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A Chimp By Any Other Name

April 30, 2007

In this our second installment of our (quite) occasional series on real-life critters, we turn the spotlight onto Cheeta, the Hollywood chimpanzee who turned 75 earlier this month.*

Born April 9, 1932, Cheeta is recognized as the oldest living primate by Guinness World Records. Credit his advanced age (way above the norm for chimpanzees, even in captivity) to a lifestyle of champagne dreams and caviar wishes. Apropos to his pedigree as a star of Hollywood’s Golden Age, Cheeta retreated to the desert oasis of Palm Springs to spend his golden years in luxurious comfort — or, the Creative Habitats and Enrichment for Endangered & Threatened Apes primate sanctuary run by Dan Westfall.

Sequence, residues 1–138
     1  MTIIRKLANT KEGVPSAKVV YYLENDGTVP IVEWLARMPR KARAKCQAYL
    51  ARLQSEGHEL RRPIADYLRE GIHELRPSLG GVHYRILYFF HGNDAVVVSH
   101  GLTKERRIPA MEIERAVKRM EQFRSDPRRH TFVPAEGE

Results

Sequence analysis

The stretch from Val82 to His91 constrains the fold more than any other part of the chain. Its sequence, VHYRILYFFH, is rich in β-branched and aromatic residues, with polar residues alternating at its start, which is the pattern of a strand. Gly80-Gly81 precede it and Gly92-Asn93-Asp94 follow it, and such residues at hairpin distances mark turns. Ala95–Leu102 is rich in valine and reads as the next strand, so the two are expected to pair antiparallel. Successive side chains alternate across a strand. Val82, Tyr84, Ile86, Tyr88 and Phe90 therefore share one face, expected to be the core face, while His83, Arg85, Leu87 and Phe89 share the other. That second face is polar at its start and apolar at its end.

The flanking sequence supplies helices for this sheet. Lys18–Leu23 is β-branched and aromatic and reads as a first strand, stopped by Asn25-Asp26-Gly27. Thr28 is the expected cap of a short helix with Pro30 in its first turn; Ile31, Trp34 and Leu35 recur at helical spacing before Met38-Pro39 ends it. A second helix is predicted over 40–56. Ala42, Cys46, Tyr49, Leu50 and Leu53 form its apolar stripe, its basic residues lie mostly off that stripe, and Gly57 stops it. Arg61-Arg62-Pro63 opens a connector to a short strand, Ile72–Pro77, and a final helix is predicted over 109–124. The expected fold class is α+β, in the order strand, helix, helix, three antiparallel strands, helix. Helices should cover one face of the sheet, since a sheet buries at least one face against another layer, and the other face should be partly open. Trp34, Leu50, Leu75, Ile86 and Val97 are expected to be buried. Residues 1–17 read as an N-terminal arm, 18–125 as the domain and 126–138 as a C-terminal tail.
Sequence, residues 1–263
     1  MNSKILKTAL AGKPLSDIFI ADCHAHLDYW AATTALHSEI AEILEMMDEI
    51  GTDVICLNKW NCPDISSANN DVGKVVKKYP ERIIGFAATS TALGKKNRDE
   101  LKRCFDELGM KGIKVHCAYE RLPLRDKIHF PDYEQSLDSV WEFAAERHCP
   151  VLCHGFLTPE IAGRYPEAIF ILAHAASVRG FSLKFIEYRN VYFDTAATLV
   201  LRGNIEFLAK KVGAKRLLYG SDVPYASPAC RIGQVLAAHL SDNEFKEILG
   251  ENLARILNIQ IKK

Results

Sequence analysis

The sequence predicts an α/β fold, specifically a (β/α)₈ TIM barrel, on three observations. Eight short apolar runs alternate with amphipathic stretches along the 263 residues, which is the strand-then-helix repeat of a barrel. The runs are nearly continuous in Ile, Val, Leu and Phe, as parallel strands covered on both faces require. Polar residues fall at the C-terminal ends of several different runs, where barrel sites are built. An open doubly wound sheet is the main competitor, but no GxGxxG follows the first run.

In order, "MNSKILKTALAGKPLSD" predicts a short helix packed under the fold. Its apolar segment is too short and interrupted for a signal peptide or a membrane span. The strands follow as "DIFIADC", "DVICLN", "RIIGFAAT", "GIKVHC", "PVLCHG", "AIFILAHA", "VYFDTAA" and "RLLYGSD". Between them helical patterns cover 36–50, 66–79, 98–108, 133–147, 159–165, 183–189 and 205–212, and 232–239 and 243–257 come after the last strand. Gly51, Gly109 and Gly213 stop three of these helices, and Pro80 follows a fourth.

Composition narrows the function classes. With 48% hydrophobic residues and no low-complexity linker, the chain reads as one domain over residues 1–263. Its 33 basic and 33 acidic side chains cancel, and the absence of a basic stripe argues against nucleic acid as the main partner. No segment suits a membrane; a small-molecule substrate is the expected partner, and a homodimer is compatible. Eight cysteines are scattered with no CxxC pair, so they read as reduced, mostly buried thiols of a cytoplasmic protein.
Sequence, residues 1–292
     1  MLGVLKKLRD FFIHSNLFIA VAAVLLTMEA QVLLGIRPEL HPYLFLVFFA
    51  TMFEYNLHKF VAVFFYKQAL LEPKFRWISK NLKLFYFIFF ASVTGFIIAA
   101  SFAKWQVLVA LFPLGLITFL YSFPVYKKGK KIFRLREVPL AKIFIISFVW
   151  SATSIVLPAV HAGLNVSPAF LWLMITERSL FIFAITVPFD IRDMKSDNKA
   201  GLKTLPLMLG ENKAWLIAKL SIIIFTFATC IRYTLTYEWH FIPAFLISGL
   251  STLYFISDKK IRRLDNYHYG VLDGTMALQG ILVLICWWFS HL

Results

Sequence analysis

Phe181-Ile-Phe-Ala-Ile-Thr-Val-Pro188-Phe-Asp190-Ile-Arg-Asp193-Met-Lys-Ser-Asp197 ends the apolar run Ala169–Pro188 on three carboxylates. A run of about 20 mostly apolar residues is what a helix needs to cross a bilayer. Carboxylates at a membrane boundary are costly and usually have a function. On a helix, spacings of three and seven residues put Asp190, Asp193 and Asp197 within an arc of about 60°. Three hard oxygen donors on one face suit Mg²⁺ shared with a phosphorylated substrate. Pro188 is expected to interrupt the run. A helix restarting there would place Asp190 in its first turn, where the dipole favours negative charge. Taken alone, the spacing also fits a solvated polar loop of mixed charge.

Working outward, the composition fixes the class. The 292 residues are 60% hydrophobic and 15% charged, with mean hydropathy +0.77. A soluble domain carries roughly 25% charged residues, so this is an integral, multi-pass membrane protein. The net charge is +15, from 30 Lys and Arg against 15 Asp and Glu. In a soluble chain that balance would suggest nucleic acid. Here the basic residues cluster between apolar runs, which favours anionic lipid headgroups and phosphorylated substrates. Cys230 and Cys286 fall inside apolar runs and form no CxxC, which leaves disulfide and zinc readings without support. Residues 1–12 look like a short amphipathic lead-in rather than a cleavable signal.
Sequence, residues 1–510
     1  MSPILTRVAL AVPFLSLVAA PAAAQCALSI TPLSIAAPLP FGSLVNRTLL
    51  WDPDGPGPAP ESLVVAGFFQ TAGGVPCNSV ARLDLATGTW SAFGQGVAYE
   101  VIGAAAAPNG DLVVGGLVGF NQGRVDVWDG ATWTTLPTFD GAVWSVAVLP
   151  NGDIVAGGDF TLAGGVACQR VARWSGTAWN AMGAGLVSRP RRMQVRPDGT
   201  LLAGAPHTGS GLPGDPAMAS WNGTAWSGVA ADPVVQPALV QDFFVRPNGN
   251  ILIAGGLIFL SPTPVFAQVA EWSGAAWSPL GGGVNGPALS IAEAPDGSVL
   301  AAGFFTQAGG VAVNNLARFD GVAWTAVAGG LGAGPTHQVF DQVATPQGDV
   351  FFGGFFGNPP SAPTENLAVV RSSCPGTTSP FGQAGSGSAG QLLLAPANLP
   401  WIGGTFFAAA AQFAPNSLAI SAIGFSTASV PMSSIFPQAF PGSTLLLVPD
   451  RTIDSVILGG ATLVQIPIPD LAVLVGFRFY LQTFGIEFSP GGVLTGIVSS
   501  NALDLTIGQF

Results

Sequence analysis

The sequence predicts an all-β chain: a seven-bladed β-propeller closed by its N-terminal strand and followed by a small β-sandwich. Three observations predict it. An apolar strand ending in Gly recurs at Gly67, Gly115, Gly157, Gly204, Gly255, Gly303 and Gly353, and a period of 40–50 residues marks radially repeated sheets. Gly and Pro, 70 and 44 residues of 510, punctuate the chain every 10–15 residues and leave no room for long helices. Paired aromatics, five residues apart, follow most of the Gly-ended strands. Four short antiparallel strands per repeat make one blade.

Cheeta is famous for working with Johnny Weissmuller and Maureen O’Sullivan in the Tarzan movie series from the 1930s and ’40s. But, as is tragically the case for many child actors in the faded afterglow of show biz celebrity, there is a dark side to Cheeta’s fame. At just a couple months of age, Cheeta was taken from his African home to be groomed as a Hollywood star. In a 2003 National Geographic story on Cheeta, Canadian chimp expert Gloria Grow said: “You don’t have to be a rocket scientist to know that they [trained chimpanzees] are pretty dysfunctional.”

Perhaps as a form of creative therapy, Cheeta spends his time painting ape-stract™ art, that is, whenever he’s not watching his old movies.

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